High-resolution photography app Hydra received an update today that brings a couple of much-requested improvements to its camera support.
For those unfamiliar with the app, Hydra merges up to 60 individual images to make a single high-quality picture, effectively getting more light from the scene.
In this way, Hydra produces up to 32-megapixel high-resolution images (4x the 8-megapixel sensor resolution), enhanced HDR, better 2x/4x/8x zoom, and reduced camera noise in low-light scenes.
With the just-released version 1.5 update, users can now activate the telephoto camera in Zoom mode on iPhone with double lenses, as well as the front-facing camera in High Dynamic Range and Lo-Light modes.
The update means Hydra users can now take selfies with improved quality in poor lighting conditions, while the Zoom mode can be used in up to 8x for long shots.
Existing users should note that Hydra 1.5 now requires iOS 10 or later to work. The app costs $4.99 and is available to download for iPhone from the App Store. [Direct Link]
Top Rated Comments
Essentially, Hydra does one thing very well (usually)—combining information from many images to create a single image with less noise, better light balance, and higher resolution. Hydra adapts this one ability into several modes, including low light and digital zoom.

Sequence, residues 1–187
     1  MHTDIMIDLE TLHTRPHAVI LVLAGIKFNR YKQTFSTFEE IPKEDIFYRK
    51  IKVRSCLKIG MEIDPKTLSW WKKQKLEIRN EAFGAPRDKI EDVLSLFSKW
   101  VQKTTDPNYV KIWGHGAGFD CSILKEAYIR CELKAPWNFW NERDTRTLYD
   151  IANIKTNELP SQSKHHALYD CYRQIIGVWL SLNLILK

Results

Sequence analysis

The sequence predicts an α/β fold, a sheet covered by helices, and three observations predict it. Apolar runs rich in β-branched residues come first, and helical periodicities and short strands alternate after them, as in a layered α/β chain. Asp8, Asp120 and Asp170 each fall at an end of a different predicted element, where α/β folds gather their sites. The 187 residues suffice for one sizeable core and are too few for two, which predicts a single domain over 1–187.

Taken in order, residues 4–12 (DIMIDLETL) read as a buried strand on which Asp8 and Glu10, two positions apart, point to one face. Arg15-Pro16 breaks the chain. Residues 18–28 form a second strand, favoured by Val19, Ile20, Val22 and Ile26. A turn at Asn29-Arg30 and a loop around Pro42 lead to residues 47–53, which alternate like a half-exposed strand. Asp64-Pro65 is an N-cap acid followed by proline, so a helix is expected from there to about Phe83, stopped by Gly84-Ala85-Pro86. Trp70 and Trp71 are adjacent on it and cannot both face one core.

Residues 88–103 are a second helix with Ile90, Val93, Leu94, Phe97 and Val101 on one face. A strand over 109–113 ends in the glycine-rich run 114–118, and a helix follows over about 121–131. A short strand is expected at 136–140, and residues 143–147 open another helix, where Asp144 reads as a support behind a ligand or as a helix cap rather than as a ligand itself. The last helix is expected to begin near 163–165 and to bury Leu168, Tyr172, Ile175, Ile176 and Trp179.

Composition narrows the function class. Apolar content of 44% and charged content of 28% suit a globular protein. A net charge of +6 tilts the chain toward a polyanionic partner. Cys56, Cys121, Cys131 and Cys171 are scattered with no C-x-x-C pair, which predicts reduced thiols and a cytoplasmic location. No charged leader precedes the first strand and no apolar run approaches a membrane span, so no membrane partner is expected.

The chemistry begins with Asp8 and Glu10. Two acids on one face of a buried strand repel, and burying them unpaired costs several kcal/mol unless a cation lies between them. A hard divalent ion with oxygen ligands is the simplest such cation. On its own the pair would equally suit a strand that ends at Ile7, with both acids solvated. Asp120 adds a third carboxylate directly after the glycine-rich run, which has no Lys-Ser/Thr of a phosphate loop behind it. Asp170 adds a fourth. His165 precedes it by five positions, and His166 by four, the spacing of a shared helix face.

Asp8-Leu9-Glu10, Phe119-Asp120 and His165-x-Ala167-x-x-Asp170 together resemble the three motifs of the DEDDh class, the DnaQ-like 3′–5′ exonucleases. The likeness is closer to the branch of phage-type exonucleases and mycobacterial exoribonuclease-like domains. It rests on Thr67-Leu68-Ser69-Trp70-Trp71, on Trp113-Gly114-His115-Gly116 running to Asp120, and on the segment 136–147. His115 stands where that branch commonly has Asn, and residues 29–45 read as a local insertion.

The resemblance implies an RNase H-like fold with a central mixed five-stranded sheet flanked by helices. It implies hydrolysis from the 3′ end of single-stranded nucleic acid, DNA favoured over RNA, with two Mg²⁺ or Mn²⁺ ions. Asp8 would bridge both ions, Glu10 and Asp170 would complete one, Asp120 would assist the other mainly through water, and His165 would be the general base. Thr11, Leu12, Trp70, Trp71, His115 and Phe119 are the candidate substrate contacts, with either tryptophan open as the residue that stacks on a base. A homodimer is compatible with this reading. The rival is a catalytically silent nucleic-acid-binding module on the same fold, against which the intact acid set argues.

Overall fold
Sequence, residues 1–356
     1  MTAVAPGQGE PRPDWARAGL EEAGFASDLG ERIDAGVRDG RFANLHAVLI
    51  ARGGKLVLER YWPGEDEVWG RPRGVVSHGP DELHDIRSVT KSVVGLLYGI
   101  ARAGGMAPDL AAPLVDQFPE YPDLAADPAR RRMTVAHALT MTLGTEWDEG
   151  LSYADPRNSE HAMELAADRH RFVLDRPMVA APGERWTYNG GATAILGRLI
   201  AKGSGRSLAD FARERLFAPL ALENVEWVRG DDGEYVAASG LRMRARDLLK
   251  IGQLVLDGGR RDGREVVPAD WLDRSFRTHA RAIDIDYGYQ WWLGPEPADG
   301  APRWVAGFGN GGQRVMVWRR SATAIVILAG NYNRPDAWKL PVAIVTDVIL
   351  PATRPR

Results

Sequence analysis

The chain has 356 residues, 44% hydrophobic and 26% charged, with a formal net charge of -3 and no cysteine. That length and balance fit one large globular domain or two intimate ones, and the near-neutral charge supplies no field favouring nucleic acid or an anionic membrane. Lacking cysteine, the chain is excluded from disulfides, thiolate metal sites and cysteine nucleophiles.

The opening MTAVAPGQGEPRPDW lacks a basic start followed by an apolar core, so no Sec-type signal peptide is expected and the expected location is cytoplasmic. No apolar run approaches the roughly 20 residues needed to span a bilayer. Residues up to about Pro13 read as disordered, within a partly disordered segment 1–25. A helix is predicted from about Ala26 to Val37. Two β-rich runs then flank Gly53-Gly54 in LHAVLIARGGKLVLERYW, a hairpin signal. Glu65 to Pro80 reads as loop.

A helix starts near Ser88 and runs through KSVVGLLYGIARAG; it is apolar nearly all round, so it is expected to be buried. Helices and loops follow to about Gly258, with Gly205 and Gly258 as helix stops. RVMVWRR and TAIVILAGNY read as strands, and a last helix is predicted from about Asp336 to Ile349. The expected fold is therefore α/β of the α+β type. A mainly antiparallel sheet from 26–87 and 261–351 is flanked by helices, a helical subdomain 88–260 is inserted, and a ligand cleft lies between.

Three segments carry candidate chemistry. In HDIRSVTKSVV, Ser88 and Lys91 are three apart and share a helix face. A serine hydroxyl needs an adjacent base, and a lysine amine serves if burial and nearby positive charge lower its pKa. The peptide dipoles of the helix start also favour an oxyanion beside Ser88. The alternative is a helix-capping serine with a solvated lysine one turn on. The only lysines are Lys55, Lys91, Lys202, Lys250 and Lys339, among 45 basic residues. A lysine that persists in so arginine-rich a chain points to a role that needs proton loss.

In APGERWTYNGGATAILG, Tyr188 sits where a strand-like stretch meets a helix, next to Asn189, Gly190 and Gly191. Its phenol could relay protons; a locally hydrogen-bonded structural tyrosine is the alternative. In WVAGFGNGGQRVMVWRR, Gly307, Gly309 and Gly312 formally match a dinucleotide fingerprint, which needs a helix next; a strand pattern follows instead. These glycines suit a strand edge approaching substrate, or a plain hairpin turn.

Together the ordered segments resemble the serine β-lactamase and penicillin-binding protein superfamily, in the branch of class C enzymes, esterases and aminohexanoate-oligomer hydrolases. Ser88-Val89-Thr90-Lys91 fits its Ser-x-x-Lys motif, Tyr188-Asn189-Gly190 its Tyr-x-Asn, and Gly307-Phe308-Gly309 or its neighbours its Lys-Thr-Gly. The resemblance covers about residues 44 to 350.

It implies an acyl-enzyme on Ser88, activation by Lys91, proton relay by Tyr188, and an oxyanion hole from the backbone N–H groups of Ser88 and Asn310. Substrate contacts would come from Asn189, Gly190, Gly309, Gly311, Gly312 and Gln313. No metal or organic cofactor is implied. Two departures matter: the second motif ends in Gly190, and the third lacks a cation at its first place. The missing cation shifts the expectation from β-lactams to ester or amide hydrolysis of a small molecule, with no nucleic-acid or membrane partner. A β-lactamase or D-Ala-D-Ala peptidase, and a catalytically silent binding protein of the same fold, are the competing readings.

What it tries to do, it usually does very well in my limited experience. Low light images usually have noticeably less noise and digital zoom images are noticeably better than using the stock app, or most camera apps I’ve tried.
But Hydra doesn’t seem to take advantage of the second camera on X and Plus iPhones with dual cameras.
And pictures it takes with the front facing camera are not consistently better than the stock app. Sometimes the exposure is better but the colors are a bit off.
Lastly, please someone correct me if I’m wrong but I don’t think Hydra can shoot RAW. In fact, there are relatively few options you can adjust considering everything Hydra does.
For iPhone photography enthusiasts, I think this app is worth having on your phone but won’t replace Hallide or whatever your current favorite app might be.
For people who aren’t into the nitty gritty of photography but enjoy taking pictures and want them to come out well, I think you’ll like this app pretty well.
But you can't zoom with Halide (other than switching between 1x and 2x cameras on X and Plus iPhones). I use digital zoom to compose a shot. Without it, I have to crop after capturing the image.